The Decline Of Celebrity

The Golden Globes were last night. Lots of people are talking about them. Apparently the big news is that actress Scarlett Johansson got her ta-ta’s squeezed on the red carpet by some enterprising E! Network correspondent.

This reminds me of the reasons why I don’t have cable. Not that I have anything against Johnansson’s breasts; it’s just that it all seems so vapid and meaningless.

What’s with all these awards shows anyway? It seems like there is no end to them. The Globes, Oscars, Emmy’s, MTV Awards, Teen Choice Awards…and on and on. Are they now having awards shows just for the sake of having awards shows? Just how prestigious is it to have won “Best Male Supporting Role” in one of the literally dozens of awards shows that are put on by the entertainment industry every year? The other day, while home sick from work, I caught Goldie Hawn getting a “lifetime achievement” award from Glamour magazine. It was awarded by Martin Short, and to see everyone carrying on you’d think she’d just won the Nobel Peace Prize.

All due respect to Goldie, but who really cares?

This growth in the number of award shows seem, to me, to be an extension of a trend that has been going on here in America for a few years now. Namely, the decline of celebrity. America has always loved celebrities. We have put them up on pedestals, deemed them better than than the rest of us and concerned ourselves with each and every minute detail of their lives. This worship has given birth to an entire industry of tabloids, paparrazi and “entertainment news” that often seems to have the attention of more Americans than even the traditional political/current event media.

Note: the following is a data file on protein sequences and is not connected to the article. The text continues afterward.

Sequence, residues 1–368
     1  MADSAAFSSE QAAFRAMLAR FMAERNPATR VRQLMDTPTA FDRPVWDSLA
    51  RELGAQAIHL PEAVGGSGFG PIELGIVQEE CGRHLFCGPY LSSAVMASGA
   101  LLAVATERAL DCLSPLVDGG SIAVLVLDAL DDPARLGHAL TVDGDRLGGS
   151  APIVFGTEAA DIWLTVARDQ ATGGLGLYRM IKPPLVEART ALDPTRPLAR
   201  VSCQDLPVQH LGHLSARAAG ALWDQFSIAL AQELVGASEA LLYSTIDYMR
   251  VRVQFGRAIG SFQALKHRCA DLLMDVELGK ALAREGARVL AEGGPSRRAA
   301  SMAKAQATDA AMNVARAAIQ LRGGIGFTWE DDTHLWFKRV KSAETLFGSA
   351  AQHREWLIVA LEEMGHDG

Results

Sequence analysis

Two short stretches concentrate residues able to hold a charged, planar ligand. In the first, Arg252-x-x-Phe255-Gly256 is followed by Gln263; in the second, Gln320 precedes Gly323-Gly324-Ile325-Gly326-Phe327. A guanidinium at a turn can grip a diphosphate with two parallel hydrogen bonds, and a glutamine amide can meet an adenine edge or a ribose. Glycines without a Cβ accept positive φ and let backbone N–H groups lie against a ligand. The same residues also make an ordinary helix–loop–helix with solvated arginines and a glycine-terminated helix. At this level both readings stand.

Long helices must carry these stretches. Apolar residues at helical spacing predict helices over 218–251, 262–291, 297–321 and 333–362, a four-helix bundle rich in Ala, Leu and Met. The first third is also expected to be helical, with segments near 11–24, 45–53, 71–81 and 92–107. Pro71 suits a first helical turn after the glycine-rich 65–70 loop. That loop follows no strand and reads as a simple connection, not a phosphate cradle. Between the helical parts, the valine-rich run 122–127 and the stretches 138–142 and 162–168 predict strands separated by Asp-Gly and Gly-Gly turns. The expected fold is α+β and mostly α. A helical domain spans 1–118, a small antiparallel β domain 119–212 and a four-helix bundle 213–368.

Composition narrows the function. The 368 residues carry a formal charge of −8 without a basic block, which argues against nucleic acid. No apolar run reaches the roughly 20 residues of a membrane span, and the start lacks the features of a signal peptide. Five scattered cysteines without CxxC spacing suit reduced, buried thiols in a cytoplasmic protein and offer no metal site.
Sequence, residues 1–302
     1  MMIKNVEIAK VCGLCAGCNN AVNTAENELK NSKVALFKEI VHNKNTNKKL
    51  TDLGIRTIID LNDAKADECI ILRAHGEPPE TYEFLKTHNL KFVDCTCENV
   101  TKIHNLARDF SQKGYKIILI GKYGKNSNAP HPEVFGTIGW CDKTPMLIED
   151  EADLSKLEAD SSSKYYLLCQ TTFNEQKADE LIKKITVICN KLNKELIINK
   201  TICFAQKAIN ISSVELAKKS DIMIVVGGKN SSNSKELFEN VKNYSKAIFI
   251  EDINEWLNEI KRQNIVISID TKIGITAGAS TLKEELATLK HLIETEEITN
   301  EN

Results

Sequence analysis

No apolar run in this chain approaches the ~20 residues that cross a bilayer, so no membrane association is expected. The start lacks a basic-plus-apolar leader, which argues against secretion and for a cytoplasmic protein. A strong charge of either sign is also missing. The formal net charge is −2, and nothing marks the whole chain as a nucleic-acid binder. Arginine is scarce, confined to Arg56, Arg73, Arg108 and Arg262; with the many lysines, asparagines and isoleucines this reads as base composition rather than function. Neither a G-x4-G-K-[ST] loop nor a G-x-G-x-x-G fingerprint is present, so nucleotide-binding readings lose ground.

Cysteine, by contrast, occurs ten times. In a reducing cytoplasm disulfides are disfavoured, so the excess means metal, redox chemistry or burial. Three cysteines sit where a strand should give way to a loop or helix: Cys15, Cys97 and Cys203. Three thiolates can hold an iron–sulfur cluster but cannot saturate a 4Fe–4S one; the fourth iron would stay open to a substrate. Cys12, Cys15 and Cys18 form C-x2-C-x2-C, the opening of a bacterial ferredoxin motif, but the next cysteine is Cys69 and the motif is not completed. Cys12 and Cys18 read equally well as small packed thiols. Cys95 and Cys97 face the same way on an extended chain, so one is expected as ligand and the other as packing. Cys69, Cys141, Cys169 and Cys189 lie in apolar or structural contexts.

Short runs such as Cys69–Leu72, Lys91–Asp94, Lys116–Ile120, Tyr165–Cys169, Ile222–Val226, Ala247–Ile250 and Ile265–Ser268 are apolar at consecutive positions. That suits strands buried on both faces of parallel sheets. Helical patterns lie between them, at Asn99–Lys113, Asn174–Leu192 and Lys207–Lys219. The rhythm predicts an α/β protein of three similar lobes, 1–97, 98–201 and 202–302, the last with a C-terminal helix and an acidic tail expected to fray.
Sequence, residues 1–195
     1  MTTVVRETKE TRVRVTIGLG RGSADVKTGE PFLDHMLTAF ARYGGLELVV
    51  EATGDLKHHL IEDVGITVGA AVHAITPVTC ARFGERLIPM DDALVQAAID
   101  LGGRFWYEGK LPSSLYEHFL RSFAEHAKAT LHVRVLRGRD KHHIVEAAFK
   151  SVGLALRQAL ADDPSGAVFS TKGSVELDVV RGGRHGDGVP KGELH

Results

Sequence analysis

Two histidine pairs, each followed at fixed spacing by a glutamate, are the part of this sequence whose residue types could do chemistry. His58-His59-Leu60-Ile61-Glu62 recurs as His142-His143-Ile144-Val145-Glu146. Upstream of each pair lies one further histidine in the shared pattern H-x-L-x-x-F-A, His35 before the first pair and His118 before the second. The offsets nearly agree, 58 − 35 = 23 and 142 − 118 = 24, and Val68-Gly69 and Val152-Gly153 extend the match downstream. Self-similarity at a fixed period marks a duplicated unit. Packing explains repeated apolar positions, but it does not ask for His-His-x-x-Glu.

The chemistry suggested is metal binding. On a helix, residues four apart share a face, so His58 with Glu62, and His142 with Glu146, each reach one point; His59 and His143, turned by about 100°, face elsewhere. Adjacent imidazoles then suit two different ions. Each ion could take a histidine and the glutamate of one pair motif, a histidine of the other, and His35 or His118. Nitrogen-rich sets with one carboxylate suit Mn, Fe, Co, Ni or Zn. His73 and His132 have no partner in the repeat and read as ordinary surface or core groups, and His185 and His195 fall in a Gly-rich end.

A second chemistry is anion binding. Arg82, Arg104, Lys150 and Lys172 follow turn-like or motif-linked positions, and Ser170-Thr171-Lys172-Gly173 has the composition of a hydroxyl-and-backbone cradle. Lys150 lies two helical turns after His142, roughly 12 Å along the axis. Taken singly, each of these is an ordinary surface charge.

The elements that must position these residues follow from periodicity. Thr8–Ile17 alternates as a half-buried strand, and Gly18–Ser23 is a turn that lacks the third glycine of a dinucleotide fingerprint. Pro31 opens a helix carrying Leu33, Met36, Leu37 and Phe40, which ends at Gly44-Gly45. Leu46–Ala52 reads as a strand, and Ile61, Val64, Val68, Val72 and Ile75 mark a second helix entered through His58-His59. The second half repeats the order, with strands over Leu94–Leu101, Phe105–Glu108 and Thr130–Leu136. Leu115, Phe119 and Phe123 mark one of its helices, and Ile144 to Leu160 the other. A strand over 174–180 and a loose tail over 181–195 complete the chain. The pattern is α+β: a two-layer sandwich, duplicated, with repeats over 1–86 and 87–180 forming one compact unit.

Did you know that there are entire websites (and apparently full-time photographers) dedicated to getting pictures up the dresses of celebrities as they get out of cars or down their shirts if they lean over to far? I’m not kidding.

Things are changing. Celebrity doesn’t mean what it used to mean. People are “famous” these days for not really doing anything it all. There was a time when fame meant something, when it took years of hard work and accomplishment to carve for yourself a niche in the public eye, but now all one has to do is appear on a reality show and suddenly you’re “Bill from Big Brother 4” or “Jenna from Survivor: Siberia.” You go to award shows and have your photo taken by the appropriate tabloids. If your star starts to fade and you get desperate enough you may even release some video of yourself having intimate relations with some other pseudo-celebrity, something that will undoubtedly spark at least another fifteen minutes of fame in the entertainment news and on the internet.

The whole thing sickens me. Not because I’m any sort of prude, mind you, but because it all seems so totally worthless. I enjoy going to movies, and there are even certain television shows I enjoy watching with regularity, but more and more I find myself disillusioned by the whole thing.

You can read more from Rob Port at

Lost Republicans
Al Gore Vs. History


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